Lot 5
  • 5

EDGAR DEGAS Femme en peignoir rouge se coiffant

400,000 - 600,000 EUR
bidding is closed


  • Edgar Degas
  • Femme en peignoir rouge se coiffant
  • stamped Degas (lower left) and annotated sur blanc (towards centre left)
  • pastel, charcoal, stumping, and black crayon on paper


Sale: Galerie Georges Petit, Paris, Vente Atelier Degas, 2e vente, December 11-13, 1918, lot 124
Numès & Fiquet, Paris
Adolphe et Elisabeth Friedmann, Paris
Thence by descent to the present owner


Paul-André Lemoisne, Degas et son œuvre, Paris, 1946, vol. III, no. 978, illustrated p. 569

Catalogue Note

This beautiful composition by Edgar Degas explores the eternal themes of beauty, youth and vanity. The artist's depiction of a young woman dressing her hair is the perfect embodiment of Modern Life at the end of the 19th century as described by Baudelaire, and of whom Degas was one of the greatest pictorial interpreters. The absolute mastery of the delicate combination of pastel with charcoal and black crayon in addition to its audacious composition render this work particularly successful and appealing. During the 1880s, the artist increasingly focused on pastel drawings and dealt abundantly with the theme of women dressing their hair in preparation for stage performance at the opera, cabarets, brothels, as well as in the homes of the 'bourgeoisie'. He developed the theme to depict these figures absorbed by their intimate activity in order to continually experiment with innovative compositions.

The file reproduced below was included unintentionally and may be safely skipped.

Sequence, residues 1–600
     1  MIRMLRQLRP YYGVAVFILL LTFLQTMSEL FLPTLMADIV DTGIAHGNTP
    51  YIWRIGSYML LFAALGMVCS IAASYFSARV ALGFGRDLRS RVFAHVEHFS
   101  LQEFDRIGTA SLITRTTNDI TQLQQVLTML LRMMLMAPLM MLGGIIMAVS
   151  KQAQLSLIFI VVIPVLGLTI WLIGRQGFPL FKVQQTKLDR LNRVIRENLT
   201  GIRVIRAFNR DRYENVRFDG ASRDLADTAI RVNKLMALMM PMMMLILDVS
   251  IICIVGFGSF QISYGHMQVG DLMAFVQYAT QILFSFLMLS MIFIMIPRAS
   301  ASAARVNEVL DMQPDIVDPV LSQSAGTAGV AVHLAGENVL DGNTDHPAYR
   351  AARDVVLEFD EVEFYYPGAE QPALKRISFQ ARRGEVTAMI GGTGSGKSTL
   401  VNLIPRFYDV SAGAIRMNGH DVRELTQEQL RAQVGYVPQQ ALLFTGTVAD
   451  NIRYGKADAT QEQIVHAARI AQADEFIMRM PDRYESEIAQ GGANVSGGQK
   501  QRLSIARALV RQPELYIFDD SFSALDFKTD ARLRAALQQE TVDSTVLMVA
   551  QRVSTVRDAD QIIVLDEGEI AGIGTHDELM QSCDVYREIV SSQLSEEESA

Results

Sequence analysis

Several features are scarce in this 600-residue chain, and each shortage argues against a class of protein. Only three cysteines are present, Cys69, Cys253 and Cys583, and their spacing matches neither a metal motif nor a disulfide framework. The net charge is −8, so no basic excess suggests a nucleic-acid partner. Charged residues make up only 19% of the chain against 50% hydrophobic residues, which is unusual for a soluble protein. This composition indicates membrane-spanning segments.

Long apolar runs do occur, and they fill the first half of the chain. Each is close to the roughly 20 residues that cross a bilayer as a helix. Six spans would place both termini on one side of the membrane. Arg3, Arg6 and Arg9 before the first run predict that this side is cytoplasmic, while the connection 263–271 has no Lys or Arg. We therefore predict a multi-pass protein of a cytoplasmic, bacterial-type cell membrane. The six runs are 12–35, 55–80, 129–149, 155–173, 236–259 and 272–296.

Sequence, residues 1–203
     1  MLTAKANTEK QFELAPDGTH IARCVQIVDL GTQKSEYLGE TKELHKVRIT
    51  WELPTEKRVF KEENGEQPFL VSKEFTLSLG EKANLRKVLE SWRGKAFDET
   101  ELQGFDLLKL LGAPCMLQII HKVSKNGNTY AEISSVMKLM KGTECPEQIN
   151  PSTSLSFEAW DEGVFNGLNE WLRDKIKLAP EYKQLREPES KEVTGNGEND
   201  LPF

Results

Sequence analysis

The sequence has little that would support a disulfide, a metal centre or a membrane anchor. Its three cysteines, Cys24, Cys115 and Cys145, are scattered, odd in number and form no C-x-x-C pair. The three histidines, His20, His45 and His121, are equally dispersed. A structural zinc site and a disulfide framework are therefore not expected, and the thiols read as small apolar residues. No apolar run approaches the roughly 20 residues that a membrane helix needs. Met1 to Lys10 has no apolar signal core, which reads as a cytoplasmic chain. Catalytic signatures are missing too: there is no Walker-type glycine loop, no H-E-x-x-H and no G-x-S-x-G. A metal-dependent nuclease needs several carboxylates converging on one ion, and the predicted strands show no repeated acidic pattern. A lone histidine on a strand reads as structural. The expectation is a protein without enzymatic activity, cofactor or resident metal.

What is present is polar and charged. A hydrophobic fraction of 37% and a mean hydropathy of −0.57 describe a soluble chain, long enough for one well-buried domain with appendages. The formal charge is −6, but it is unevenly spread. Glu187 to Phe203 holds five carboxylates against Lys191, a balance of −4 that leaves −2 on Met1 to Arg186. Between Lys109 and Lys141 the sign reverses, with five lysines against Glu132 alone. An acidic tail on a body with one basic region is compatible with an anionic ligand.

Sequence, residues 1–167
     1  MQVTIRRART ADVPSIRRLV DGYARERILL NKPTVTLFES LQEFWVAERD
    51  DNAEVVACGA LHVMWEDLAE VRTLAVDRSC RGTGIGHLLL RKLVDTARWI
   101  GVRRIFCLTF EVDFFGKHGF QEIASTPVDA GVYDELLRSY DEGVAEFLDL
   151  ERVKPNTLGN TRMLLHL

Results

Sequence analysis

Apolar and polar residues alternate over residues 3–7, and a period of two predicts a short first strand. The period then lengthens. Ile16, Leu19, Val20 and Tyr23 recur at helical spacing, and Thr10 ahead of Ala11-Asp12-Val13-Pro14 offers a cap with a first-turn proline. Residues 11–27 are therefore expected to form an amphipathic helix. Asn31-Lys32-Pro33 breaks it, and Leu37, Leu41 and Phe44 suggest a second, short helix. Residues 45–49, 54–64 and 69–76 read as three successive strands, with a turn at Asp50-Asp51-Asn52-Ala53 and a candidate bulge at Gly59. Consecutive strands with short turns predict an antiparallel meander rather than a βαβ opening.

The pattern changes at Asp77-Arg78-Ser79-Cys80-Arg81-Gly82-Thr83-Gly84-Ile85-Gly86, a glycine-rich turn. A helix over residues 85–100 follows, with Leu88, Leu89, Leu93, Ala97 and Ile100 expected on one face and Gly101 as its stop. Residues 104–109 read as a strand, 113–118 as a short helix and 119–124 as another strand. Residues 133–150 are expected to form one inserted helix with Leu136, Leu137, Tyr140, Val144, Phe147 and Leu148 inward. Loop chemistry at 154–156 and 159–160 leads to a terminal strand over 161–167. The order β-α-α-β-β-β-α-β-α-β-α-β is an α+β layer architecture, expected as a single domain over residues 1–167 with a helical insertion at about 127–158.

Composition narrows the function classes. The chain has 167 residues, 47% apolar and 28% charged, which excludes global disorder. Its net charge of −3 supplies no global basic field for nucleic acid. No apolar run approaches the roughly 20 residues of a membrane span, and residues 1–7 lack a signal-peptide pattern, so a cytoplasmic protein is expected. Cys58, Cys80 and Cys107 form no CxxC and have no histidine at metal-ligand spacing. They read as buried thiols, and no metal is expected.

The pastel medium permitted him to apply colour more freely in order to add dimension and colour to his compositions. He worked on the composition Femme en peignoir rouge se coiffant several times as demonstrated by a version in the collection of the State Hermitage Museum in St Petersburg. The intensity of the black crayon highlighting the woman's hair provides a bold contrast with the red and pink tones of her semi-transparent gown, revealingly slightly open, endowing this humble everyday activity with an erotic charge. Degas succeeds in capturing an intimate moment, as if the model was caught unaware, similar to a photograph capturing a moment in time. This fine pastel comes from the collection of Adolphe and Elisabeth Friedmann. At the beginning of the 20th century, they collected the Impressionists and put together a remarkable and extensive group of paintings and pastels works by Degas. Some were purchased thanks to their privileged relationships with the Durand-Ruel and Bernheim-Jeune galleries, but also, as is the case here, directly from at the estate sale of Degas' studio, held in Paris in 1918. Two important works by Degas from their collection were gifted by their descendants to the Musée d'Orsay in 1989. Purchased 100 years ago at the Degas studio sale, this work has never been exhibited and has remained in the same family ever since.